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Sprout Lands by William Bryant Logan

Sprout Lands by William Bryant Logan

Author:William Bryant Logan
Language: eng
Format: epub
Tags: Epub3
Publisher: W. W. Norton & Company
Published: 2018-11-12T00:00:00+00:00


STANDING AND SITTING

From the Bronze Age until the end of the twentieth century, Norwegian farming depended upon pollards, but as the turboprop came in to land at Sogndal Airport in the western fjord country, I wondered how anyone could farm there at all. From the air, the landscape appeared to be composed of blunt-topped mountains whose steep sides plunged straight into sapphire blue water. Most of the mountains had patches of autumn snow on the high couloirs, remnants of the previous winter. There were still several active glaciers, caused not only by the cold climate but also by the short winter days and the quantity of snow on the heights. There were houses and barns in places that looked impossible to reach without rock climbing. Only a third of Norway is below 1000 feet above sea level, and almost a fifth is higher than 2500. As the pilot made his approach, he descended to a level where a fjord was several thousand feet below. The airport’s mountainside rose up suddenly to meet him, so in the end, he did not descend to the tarmac at all. He simply pointed in the right direction and pulled in, like a city dweller finding a parking place. Who could farm such a place?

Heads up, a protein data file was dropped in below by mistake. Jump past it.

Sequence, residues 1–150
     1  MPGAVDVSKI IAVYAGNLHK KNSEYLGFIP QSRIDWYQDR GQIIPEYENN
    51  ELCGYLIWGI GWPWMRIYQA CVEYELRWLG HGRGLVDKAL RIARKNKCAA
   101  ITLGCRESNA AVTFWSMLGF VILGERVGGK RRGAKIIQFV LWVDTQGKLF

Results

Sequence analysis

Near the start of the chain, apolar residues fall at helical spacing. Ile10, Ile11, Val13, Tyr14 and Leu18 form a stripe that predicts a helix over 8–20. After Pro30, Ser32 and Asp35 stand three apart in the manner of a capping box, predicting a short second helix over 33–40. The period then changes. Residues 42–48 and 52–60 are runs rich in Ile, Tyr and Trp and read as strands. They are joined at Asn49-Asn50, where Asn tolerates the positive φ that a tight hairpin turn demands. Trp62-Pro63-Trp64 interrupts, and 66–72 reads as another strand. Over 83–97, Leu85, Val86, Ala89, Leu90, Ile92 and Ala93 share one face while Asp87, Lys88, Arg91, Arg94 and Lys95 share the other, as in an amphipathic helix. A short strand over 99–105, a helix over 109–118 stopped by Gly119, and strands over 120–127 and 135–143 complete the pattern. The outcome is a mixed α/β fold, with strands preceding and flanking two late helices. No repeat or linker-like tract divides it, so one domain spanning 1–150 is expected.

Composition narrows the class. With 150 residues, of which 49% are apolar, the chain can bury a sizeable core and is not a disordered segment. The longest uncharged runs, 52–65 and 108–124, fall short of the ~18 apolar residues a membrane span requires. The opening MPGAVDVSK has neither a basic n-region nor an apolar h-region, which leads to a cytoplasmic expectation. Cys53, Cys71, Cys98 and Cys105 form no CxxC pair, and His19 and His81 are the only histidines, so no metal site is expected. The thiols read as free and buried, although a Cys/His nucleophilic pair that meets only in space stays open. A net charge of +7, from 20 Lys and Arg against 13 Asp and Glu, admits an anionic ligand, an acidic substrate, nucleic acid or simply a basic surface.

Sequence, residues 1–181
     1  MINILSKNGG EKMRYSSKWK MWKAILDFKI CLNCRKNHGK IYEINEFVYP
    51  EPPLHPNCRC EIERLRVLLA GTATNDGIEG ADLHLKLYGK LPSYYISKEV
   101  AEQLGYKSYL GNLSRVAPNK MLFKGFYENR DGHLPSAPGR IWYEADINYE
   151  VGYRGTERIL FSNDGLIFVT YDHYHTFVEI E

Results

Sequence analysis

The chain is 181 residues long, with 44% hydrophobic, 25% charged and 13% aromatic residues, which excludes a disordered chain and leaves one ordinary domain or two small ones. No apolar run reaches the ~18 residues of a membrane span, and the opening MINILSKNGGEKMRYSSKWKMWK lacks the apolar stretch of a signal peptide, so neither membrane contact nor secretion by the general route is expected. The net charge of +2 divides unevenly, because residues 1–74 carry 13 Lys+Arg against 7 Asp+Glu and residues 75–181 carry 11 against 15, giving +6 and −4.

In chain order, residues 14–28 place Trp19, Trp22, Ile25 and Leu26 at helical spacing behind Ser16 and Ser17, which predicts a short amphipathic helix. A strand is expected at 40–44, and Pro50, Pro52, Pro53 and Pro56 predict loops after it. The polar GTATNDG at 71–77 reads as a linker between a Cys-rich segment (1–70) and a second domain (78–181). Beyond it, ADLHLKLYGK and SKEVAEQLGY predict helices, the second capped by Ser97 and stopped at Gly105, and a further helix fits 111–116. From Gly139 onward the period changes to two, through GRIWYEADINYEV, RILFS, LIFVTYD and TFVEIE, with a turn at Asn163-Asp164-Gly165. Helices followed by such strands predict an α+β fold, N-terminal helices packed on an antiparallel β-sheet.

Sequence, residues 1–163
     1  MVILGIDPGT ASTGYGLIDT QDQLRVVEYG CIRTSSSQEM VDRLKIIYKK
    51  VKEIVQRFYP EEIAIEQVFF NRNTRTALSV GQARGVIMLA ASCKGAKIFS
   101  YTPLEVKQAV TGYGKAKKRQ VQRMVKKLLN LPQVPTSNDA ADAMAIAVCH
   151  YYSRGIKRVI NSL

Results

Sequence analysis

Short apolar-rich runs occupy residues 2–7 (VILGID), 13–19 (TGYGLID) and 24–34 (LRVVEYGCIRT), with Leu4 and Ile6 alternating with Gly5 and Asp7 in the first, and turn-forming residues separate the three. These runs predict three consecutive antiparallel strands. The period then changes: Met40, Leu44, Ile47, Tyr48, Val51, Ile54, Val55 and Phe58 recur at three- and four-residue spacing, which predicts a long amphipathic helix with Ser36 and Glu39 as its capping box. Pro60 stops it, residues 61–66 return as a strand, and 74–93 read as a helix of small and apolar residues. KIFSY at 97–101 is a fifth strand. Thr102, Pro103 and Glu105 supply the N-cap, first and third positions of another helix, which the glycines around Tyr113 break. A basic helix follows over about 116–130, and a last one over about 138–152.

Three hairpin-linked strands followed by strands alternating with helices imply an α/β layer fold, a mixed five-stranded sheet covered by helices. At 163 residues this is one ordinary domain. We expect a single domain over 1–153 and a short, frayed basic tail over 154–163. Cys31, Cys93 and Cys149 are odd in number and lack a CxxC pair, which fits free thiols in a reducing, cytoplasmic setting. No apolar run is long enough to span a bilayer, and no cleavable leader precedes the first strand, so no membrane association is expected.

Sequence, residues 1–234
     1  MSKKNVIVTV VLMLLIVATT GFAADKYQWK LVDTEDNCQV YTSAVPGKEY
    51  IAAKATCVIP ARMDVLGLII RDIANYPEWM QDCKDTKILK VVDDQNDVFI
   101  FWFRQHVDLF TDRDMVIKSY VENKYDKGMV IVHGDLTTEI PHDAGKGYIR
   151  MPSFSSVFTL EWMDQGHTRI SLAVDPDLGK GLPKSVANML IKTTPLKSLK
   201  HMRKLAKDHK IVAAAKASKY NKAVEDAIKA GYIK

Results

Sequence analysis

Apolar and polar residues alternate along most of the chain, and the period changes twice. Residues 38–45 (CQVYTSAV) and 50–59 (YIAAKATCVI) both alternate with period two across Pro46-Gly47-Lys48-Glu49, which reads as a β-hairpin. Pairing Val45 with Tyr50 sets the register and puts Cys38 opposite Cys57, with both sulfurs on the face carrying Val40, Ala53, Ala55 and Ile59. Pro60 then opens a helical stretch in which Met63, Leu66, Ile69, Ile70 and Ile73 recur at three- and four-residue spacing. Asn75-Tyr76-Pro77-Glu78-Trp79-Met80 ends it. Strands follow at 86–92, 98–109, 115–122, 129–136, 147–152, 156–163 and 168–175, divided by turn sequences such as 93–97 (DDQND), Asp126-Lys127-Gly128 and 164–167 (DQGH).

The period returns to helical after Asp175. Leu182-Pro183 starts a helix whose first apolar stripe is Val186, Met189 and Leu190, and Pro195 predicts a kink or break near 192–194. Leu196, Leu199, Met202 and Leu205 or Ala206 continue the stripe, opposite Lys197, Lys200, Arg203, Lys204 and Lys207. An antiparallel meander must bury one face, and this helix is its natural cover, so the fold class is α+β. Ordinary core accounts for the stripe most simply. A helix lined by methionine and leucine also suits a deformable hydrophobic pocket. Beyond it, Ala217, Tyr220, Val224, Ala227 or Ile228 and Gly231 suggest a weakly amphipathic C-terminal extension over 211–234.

The Gulf Stream and the prevailing west winds off the water make the Sognefjord a much less unwelcoming land than it seems from the air. It is almost as warm as coastal New York in the winter, as long as you are in the narrow zone on the hillside between the water and the heights. Up high and down low are colder, sometime dramatically so. Near its western end, where it joins the Atlantic Ocean, the 127-mile-long Sognefjord is the wettest place in Europe, though at the eastern end only a quarter as much rain falls. Microclimate is not an adequate word to describe the way the weather changes from one place to another in western Norway. “Picoclimate”—the prefix means “one-trillionth”—might be better. A few hundred yards from where you stand, the temperature may be 5 degrees colder. Yet in this unlikely and churningly changing landscape, people who in the main could neither read nor write created the most intelligent way of farming that the West has ever known.

The Psalmist sang, “Truth will spring out of the earth, and righteousness look down from heaven.” It does not at first blush look like a description of farming. Perhaps in scholar and clergyman Eugene Peterson’s colloquial translation of the Bible, called The Message, it is a little more understandable. He makes it, “Truth sprouts green from the ground, right living pours down from the skies.” When I asked Ingvild Austad, the great student of traditional farming in western Norway, why a few farmers still insisted upon the old pollard-farming ways, she had several clean, precise-scientist answers. One was the brother and sister farm. It was often the oldest son who took over the farm from his parents and the oldest daughter who cared for the parents as they grew older.



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